Becoming A Trauma-Sensitive Educator
COMING SOON! Becoming A Trauma-Sensitive Educator Virtual course taught by Jen Alexander
Trauma-sensitive education—during the ongoing pandemic and beyond—is essential to staff and students’ social-emotional well-being and readiness for teaching and learning. Discover what every trauma-sensitive educator needs to know in this virtual course from Jen Alexander: experienced educator, nationally recognized trauma expert, bestselling author, and popular teacher educator.
School staff will work through five engaging lessons on key topics:
- The Role of the Trauma-Sensitive Educator
- Trauma 101: What Every Trauma-Sensitive Educator Needs to Know
- Understanding Collective Stress and Trauma
- Using the Four Essentials to Build a Trauma-Sensitive School
- The Importance of Boundaries
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WHY THIS COURSE?
An important first step toward helping all students and staff learn and thrive, this course:
- Offers in-depth guidance on a critical topic. Every educator needs to know how trauma affects safety, health, and learning—and how to support students as well as colleagues. This course gathers all that information in one place.
- Fits into busy schedules. This asynchronous, on-demand course is a perfect fit for lifelong learners who are short on time and want to work at their own pace.
- Delivers strategies and insights from experts. Led by Ms. Jen, a trauma expert who works with districts, schools, and educators nationwide, the course also features more than 20 videos from teachers who share their real-world experiences and insights.
- Helps attendees make an action plan. Lessons align with the included digital course workbook, where attendees can take notes for later reference, complete activities to reinforce their learning, and draft a solid plan for bringing strategies back to their school or classroom.
WHAT YOU’LL LEARN
Module 1 – Course Introduction
Get a welcome from Ms. Jen and an introduction to the course, including goals, learning objectives, and materials.
Module 2 – Pre-Course Activity: My Beliefs About Being a Trauma-Sensitive Educator
Explore your own beliefs about trauma-sensitive education in preparation for learning more.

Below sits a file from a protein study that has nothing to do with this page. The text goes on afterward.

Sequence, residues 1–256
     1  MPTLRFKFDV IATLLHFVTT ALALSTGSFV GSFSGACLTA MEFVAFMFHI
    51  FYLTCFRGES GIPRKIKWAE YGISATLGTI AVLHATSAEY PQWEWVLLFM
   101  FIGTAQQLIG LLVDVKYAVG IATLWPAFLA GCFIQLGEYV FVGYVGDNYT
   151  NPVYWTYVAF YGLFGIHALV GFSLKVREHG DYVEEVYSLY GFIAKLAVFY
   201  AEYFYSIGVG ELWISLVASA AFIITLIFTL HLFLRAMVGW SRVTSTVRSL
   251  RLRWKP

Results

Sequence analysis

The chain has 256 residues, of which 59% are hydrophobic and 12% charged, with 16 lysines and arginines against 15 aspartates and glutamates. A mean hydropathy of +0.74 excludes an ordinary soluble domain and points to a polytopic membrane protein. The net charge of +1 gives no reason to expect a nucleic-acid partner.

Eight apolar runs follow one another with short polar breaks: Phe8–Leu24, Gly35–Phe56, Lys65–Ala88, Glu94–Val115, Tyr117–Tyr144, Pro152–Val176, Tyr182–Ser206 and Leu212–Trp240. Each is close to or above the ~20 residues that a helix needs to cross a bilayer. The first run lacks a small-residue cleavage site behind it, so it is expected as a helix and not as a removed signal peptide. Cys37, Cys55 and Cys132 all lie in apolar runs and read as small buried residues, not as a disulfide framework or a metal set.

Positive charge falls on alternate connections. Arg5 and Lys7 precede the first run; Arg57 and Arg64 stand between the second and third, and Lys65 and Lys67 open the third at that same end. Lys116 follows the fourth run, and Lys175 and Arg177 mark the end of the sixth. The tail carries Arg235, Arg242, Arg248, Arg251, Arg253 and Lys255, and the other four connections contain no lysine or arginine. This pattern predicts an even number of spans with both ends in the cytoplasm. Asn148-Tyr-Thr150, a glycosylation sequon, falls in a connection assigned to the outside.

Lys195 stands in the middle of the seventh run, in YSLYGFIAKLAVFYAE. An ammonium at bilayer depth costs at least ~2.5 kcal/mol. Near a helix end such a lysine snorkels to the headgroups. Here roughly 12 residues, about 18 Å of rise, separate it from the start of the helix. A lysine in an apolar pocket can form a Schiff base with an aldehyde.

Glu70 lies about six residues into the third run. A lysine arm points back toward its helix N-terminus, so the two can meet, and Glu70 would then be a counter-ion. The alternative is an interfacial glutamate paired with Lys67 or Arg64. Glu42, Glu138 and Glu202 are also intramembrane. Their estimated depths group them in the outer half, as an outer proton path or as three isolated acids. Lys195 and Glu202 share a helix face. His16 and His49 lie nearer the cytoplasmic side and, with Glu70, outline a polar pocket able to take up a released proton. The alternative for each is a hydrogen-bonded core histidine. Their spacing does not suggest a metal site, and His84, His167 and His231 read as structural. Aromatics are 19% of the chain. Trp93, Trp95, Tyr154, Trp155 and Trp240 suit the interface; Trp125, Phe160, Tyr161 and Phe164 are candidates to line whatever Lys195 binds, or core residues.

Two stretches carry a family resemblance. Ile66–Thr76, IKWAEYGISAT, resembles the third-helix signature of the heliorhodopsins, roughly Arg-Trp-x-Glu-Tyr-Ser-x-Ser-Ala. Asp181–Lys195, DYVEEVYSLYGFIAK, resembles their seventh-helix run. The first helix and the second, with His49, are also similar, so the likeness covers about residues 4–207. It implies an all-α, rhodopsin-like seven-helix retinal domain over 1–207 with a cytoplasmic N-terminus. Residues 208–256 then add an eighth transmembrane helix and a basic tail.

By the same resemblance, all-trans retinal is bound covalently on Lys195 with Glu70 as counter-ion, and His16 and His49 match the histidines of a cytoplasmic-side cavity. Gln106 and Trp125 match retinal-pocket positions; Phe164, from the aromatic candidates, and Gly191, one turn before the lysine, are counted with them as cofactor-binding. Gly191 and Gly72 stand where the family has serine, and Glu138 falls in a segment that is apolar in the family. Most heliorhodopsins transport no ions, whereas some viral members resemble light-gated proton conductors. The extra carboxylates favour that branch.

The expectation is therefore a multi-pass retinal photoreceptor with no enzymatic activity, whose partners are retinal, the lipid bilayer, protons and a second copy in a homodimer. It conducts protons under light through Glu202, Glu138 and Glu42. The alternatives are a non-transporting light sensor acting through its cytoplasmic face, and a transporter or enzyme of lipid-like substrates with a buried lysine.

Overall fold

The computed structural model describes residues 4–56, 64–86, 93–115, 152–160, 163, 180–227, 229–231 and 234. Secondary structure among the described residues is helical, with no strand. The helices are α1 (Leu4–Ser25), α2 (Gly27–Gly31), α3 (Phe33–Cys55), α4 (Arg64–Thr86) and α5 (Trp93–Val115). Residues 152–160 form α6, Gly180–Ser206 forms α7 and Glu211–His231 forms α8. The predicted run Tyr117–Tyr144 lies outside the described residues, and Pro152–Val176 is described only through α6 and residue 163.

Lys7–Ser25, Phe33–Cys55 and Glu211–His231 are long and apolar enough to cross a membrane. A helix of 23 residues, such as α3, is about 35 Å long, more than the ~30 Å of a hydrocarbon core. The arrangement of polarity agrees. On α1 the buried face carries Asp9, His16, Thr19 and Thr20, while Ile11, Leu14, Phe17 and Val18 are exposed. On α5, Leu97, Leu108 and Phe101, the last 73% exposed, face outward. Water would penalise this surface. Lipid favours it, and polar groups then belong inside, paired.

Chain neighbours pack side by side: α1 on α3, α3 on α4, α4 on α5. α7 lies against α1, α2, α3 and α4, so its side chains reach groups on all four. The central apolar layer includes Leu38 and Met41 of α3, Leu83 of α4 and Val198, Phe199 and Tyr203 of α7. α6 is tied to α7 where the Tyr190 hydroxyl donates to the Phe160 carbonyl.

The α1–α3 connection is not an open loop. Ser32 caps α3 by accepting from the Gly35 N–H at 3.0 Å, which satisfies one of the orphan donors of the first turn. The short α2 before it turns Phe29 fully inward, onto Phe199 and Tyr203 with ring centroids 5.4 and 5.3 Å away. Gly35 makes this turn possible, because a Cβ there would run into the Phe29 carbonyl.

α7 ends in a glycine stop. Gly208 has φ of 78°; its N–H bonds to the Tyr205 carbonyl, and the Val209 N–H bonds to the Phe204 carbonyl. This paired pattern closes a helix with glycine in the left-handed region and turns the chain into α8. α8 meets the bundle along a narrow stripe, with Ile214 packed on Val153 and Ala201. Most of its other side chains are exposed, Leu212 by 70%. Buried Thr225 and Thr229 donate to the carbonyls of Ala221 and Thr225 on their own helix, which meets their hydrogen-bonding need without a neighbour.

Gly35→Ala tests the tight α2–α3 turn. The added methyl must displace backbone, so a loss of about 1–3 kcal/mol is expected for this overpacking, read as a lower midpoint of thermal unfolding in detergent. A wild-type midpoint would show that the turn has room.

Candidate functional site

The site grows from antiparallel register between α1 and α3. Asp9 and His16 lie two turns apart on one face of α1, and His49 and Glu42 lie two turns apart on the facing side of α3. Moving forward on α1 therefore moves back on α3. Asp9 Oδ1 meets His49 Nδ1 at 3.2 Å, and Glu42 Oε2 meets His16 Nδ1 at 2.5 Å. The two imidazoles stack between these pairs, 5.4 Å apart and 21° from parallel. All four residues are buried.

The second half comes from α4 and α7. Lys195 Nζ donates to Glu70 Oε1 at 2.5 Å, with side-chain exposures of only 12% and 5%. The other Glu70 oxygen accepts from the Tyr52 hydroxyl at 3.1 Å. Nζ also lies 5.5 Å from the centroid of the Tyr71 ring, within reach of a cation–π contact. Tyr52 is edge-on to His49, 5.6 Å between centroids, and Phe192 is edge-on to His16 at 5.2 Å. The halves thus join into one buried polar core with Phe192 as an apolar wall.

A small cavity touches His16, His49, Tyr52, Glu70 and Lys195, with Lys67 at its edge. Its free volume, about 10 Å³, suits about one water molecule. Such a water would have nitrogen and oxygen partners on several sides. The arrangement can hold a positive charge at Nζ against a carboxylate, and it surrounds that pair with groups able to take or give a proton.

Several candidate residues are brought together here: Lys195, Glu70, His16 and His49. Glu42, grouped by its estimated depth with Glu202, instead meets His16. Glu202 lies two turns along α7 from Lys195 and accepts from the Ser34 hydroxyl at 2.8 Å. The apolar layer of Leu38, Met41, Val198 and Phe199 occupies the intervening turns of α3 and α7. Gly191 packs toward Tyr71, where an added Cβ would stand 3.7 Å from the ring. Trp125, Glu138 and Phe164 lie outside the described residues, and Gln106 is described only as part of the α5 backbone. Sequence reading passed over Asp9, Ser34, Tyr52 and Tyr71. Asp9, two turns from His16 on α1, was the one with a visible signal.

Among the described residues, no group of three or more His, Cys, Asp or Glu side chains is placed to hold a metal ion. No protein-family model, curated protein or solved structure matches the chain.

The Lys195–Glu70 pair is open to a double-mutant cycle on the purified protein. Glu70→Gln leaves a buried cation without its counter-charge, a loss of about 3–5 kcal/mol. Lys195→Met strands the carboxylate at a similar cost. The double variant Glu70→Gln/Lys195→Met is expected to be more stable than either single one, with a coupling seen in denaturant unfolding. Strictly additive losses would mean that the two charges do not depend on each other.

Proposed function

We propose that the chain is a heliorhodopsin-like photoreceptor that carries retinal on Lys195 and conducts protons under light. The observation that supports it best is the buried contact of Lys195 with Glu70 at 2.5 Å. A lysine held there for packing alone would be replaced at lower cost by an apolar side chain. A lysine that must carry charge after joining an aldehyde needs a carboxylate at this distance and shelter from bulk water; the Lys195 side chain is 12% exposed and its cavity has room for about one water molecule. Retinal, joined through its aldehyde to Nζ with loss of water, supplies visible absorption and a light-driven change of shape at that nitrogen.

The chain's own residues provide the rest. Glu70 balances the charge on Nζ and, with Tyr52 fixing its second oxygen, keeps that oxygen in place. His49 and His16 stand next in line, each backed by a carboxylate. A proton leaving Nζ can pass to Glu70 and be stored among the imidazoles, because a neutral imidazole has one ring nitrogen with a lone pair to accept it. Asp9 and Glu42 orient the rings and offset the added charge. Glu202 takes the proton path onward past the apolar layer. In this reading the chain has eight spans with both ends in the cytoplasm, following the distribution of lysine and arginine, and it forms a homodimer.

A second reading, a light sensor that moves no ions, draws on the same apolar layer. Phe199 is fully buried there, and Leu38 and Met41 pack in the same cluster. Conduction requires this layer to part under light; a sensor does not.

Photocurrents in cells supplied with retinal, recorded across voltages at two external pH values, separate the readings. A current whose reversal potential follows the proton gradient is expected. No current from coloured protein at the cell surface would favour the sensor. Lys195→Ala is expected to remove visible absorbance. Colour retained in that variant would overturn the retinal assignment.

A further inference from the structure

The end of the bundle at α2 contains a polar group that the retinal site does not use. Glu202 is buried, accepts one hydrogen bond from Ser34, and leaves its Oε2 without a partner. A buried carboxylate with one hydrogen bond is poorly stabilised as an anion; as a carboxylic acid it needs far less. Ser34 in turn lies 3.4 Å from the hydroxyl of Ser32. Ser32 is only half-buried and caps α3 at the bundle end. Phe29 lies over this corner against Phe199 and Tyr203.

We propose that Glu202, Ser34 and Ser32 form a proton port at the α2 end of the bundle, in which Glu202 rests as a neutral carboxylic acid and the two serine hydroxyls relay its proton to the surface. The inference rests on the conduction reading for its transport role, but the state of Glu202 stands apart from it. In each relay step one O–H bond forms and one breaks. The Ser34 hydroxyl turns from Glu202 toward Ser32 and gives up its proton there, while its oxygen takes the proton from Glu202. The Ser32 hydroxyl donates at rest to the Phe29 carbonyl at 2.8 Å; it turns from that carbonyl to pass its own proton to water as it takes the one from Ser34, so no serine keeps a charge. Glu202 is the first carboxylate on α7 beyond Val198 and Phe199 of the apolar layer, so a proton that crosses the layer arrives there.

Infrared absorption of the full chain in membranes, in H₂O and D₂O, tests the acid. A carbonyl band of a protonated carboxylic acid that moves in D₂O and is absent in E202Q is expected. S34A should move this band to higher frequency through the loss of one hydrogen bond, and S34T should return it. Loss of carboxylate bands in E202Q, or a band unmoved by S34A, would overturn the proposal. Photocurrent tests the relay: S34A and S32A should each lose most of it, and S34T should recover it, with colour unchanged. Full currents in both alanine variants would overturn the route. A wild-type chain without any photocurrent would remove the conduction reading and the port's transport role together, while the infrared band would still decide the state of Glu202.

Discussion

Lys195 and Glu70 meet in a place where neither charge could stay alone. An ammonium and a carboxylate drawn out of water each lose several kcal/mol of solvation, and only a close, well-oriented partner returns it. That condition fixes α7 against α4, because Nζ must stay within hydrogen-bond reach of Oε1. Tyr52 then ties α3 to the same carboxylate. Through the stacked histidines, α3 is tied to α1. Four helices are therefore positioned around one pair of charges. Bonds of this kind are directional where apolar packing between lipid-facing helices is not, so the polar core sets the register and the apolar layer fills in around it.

Module 3 – Lesson One: The Role of the Trauma-Sensitive Educator
Learn about the role and characteristics of a trauma-sensitive educator, explore four critical questions for trauma-sensitive educators, and identify the four Rs of trauma sensitivity.
Module 4 – Lesson Two: Trauma 101: What Every Trauma-Sensitive Educator Needs to Know
Deepen your understanding of trauma by defining trauma, identifying examples of events that could cause trauma, exploring common signs of trauma in school-age youth, and learning about posttraumatic growth.
Module 5 – Lesson Three: Understanding Collective Stress and Trauma
Define collective trauma; recognize the importance of feeling, dealing, and healing in school communities; express what current collective stressors have been like (including the pandemic); and learn three questions that help youth explore their feelings and needs in relation to big stress.
Module 6 – Lesson Four: Using the Four Essentials to Build a Trauma-Sensitive School
Explore trauma-sensitive practices—presented by educators—that can help everyone feel safe, be connected, get regulated, and learn. Try at least one new idea from each of the four essentials, reflect on its impact, and identify next steps for your work as a trauma-sensitive educator.
Module 7 – Lesson Five: The Importance of Boundaries
Discover why clear boundaries are necessary for trauma-sensitive educators, identify one way to set clear boundaries, explore boundary-setting in your professional role, and consider ways to establish communication shortcuts within the school team.
Module 8 – Final Activities: Bringing it All Together
Identify how your beliefs about being a trauma-sensitive educator have changed and apply your learning in this course to one or more final activities that will help you implement trauma-sensitive ideas with students or other adults.
Module 9 – Closing
Get recommendations for additional resources and take a post-course survey.